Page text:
Better still is that almost every character arc in the Christmas special is pretty good, even though some just involve characters on the run from BPO, the sinister organization that is hunting and killing sensates across the world. Nomi and Amanita still headline one of the best story arcs, though the ensemble now feels a bit more balanced in terms of appeal, so they don’t hog a lot of the best scenes to themselves anymore. Even the more romantic odyssey of Riley and Will is a lot better and more heartfelt than it was in Season One. Now that the stakes with BPO have created proper consequences for these two, it’s a lot easier to invest in their characters, and to feel like there’s real stakes behind them, rather than dryly wallowing in personal demons from the past. This is especially true of Will, who ended up making eye contact with Whispers at the end of Season One, thus allowing Whispers to infiltrate his mind whenever he pleases. This immediately makes Will’s character a lot more interesting, and this is a story element that he was in dire need of during his more dull portrayal in Season One.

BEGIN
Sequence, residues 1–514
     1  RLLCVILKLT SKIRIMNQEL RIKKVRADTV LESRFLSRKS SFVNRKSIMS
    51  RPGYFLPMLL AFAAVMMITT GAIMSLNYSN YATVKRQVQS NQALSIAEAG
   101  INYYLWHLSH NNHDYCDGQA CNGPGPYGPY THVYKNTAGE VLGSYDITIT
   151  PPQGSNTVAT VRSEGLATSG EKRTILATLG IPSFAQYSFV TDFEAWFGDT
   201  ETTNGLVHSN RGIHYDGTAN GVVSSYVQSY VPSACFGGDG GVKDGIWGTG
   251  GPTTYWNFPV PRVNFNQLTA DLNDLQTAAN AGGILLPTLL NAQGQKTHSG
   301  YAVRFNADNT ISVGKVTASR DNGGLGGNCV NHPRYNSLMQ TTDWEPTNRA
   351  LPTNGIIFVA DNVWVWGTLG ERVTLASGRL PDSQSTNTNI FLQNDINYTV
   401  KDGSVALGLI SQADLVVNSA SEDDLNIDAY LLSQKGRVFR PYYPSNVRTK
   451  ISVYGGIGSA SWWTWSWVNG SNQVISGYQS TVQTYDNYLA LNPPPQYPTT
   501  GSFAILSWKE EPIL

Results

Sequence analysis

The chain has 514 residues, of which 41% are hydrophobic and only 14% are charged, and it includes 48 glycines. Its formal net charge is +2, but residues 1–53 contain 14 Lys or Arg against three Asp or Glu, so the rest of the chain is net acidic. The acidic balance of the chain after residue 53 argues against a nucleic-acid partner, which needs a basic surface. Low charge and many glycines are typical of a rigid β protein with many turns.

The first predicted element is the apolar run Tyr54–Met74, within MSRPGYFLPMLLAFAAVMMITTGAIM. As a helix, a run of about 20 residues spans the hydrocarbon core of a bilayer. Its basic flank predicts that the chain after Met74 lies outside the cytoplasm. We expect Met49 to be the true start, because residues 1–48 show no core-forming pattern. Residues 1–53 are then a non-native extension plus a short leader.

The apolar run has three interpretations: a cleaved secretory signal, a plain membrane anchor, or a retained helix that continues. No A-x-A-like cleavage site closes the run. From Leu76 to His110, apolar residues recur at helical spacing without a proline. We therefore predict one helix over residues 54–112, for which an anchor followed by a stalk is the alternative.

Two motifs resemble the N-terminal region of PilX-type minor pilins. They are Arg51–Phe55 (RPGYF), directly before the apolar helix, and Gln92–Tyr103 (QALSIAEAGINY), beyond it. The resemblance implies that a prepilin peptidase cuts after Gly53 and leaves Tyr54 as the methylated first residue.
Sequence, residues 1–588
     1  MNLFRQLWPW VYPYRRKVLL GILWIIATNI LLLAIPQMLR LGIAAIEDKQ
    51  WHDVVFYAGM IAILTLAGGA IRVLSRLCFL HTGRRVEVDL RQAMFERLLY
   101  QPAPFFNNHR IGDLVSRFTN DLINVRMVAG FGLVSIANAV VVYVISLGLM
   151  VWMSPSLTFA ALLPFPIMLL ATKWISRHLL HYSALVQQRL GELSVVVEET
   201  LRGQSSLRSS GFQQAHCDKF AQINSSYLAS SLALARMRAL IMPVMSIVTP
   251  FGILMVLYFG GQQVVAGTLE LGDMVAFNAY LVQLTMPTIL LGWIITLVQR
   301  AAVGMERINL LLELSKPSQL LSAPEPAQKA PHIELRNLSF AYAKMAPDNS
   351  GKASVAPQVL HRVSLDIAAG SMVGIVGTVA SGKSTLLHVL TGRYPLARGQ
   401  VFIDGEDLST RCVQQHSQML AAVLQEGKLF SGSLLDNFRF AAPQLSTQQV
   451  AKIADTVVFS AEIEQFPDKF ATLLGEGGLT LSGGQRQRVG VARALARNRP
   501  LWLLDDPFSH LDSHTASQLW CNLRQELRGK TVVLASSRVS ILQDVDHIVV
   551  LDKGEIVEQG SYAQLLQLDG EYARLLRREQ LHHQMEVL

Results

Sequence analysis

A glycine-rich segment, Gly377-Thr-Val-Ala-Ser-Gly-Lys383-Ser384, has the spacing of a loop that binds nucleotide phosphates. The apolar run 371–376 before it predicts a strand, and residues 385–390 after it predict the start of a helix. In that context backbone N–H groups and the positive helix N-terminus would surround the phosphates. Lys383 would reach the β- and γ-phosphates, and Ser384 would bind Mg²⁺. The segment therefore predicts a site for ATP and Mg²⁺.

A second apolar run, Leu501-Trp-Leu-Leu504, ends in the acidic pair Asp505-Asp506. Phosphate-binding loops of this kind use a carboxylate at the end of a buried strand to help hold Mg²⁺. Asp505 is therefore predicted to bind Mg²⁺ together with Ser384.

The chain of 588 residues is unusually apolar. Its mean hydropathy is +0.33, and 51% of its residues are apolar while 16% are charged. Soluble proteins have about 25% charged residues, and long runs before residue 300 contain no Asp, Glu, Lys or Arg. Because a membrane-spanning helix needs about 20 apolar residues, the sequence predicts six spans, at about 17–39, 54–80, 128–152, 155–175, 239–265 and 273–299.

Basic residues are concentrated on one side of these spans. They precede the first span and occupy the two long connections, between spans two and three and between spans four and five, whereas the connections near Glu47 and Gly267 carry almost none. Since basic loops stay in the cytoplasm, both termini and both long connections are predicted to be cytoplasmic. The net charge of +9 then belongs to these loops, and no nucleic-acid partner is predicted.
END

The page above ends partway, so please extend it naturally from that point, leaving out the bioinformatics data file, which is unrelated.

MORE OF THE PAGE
Even the dreary wedding fallout with Kala is pretty effectively emotional, after her romantic fallout with Wolfgang. Kala and Wolfgang still find themselves struggling with a sense of attraction, despite the fact that they seemingly decided that they couldn’t be together towards the end of Season One. It might come off as backtracking to a point, but Kala failing to find solace in a seemingly perfect marriage is something that makes her character noticeably more engaging than she was in Season One. Wolfgang no longer has a criminal vendetta to pursue, granted, but the promise of him being the catalyst of a huge gang war in Berlin during Season Two, the result of his murder of Steiner during Season One, has a lot of great promise in episodes to come!